There is always a question of what to do with year 12 students during the so-called “additional” time after the external summer exams have finished. Commonly, colleges will start to teach year 13 content; a way of ensuring more time towards the latter part of the final year for revision and exam practice. Inevitably that “gained time” would be spent reviewing/re-teaching the year 13 modules covered during that summer period – so what’s the point? This year, however, there was another more pressing issue – the impact of teaching a reformed subject and teaching both AS and A Level students in the same class. At my college students were expected to stay in all classes for the remainder of the year (another six weeks) regardless of whether they were going to continue on with Chemistry into year 13 or not. How then to engage the students who knew that they were coming to the end of their time in Chemistry for another half term?
Choice and responsibility for students
The idea of setting a challenge with a competitive element came from the students; the idea for the practical theme came from the need to complete Practical Activity Group 12 (PAG12) for the Practical Endorsement. We wanted a more diverse range of investigations than provided and for the students to have more ownership over their investigation; the Royal Society of Chemistry’s ‘Problem Based Practical Activities’ suited this requirement perfectly. Students were given the opportunity to read through the introduction of each of the Problem Activities. They were also given the summary of practical skills that each Problem Activity included. Students worked with their lab pairs to choose a Problem Activity and were encouraged to choose an investigation that would target any gaps in their skills – this made them look though their previous PAG activities to evaluate what skills needed more work.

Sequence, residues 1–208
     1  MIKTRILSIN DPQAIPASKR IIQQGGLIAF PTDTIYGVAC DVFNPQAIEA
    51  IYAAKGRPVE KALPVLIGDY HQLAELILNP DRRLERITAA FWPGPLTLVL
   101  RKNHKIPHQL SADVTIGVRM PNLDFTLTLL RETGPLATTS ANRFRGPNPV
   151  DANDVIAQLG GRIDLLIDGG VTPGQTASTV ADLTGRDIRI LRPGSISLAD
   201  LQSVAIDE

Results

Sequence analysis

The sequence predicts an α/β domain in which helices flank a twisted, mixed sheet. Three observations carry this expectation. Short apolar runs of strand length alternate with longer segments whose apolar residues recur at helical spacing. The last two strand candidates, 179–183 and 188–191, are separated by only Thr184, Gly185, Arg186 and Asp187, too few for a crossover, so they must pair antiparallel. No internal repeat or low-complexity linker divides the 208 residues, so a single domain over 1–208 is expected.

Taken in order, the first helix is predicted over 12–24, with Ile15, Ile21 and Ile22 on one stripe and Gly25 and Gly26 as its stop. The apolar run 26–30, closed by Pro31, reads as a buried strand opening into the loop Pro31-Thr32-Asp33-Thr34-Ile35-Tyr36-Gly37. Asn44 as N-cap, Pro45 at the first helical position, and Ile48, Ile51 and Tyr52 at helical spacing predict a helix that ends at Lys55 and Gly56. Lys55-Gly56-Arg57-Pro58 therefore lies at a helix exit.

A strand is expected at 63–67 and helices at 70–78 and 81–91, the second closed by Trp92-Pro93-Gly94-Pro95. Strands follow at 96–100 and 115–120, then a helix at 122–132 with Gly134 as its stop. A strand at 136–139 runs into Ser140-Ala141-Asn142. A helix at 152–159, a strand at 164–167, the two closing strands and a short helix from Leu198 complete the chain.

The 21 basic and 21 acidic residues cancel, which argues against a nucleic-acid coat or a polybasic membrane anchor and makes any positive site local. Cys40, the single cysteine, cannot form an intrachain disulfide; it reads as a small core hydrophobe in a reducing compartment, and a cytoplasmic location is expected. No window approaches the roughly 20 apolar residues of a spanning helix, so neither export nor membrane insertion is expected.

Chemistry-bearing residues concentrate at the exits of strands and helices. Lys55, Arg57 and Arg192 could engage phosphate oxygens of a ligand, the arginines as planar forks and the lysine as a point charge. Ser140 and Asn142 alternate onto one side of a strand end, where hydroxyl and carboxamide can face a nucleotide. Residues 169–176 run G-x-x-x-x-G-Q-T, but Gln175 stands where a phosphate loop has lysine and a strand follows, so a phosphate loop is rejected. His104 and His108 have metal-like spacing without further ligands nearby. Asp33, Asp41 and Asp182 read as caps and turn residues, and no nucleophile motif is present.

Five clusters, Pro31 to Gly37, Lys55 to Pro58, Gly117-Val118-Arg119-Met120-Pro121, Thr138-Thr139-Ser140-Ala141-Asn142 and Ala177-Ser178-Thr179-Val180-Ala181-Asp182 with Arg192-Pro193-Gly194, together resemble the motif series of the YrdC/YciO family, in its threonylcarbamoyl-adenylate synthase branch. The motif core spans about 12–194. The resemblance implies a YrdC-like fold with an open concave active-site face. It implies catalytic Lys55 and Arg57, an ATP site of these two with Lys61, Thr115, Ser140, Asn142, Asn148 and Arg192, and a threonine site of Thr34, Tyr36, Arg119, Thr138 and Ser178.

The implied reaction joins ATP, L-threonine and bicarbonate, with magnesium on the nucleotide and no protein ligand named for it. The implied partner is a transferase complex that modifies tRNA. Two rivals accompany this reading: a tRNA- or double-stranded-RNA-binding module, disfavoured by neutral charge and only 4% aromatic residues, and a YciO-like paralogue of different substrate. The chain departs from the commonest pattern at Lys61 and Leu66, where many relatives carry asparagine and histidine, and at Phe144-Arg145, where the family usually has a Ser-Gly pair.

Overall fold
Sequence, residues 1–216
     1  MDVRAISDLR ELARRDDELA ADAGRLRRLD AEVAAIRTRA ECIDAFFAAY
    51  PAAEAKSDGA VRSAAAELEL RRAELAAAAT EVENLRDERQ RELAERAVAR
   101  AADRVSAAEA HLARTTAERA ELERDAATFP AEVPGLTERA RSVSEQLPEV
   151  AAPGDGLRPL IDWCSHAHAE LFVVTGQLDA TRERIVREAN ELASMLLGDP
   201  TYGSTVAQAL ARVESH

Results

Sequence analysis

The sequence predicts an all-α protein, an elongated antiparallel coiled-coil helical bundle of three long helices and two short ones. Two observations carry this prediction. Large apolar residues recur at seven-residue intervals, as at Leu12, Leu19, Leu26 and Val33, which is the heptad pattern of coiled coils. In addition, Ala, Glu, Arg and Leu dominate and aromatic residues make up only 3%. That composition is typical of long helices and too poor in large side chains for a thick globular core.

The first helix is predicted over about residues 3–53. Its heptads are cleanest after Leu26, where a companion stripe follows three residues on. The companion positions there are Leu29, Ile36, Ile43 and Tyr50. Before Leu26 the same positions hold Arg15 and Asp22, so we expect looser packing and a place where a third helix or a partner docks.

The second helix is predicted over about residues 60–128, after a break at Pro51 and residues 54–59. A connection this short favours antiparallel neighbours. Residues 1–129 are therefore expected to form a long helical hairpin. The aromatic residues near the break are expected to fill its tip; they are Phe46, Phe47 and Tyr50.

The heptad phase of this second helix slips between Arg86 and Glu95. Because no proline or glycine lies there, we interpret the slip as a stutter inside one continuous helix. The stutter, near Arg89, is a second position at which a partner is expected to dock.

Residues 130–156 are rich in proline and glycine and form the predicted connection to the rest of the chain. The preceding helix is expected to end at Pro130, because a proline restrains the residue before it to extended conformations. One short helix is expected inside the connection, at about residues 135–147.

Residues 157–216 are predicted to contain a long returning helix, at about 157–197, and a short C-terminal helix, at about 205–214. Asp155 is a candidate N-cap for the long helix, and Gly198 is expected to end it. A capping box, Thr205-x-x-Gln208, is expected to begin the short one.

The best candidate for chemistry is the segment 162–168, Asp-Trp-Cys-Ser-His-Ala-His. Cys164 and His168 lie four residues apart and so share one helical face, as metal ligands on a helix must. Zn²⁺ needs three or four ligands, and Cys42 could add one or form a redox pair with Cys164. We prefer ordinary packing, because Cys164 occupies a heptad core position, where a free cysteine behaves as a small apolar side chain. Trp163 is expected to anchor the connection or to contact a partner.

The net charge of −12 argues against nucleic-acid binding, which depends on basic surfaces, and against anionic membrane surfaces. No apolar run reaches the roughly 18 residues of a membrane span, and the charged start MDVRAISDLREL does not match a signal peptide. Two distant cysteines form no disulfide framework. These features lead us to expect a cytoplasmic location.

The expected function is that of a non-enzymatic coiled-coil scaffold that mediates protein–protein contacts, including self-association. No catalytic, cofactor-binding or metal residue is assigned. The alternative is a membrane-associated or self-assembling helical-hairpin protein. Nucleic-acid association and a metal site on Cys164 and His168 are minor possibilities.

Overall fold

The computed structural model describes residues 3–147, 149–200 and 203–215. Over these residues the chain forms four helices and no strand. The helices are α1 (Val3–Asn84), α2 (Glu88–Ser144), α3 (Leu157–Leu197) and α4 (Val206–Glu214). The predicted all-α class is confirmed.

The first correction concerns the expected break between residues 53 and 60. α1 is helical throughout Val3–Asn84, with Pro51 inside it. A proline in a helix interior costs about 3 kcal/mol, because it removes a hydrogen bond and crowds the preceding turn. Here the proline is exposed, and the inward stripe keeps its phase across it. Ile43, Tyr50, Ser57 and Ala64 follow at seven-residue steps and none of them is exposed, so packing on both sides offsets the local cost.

Students were given a six-week timetable, shown in Table 1 below, and were given the responsibility to produce their own prep requests, method and risk assessments – all to be handed in to be checked by teachers. Classes were staggered to give time for tutorials for specific Problem Activities which students were expected to come prepared for. In this way, we were hoping to give the students a glimpse of university-style learning.
Table 1 – student timetable for Practical Projects
The outcomes of this project were fascinating, giving the teachers a much better insight into the independent study skills of the cohort. It was easy to spot the group who left their presentations until the last possible moment, and (more pleasingly) the sheer determination they showed to succeed. Students thoroughly enjoyed the experience and challenge, and commented that they enjoyed “the independence” of the activity. All the activities undertaken required students to teach themselves some year 13 content and the students enjoyed the challenge of that. One pair had to teach themselves pH calculations for weak acids and did so very successfully, they commented that this had “given (them) a real confidence” about their studies and ability to transition to year 13.
The day of the presentations was an opportunity for the students to showcase their projects and their understanding. The students were quizzed by professional scientists and were praised for their understanding and delivery of their content. The day also allowed the chemistry teachers to look at the evaluation skills that the students had and consider how we could help improve them. One judge from Amgen commented that “in industry, our scientists have to be able to justify each stage of the process. If a particular chemical was used then why? If a technique was used – why?” and it was clear that the students had not been so rigorous when it came to this; clearly something to be improved on.
The overall feeling from this six-week project was so universally positive that it has now been written into the scheme of work and there is talk of including the Level 3 vocational students, as well as the other A Level sciences next year. Whatever comes, the chemistry department will continue to do this method of delivery of PAG 12 and are determined to encourage students to approach their learning in a more self-reflective way, particularly when it comes to their investigative work.
Find out more on OCR's Positive about practical webpage or email the OCR Science Subject Specialists at firstname.lastname@example.org
Nadine Malcolm - Head of Chemistry and Deputy Head of Science at Comberton Village College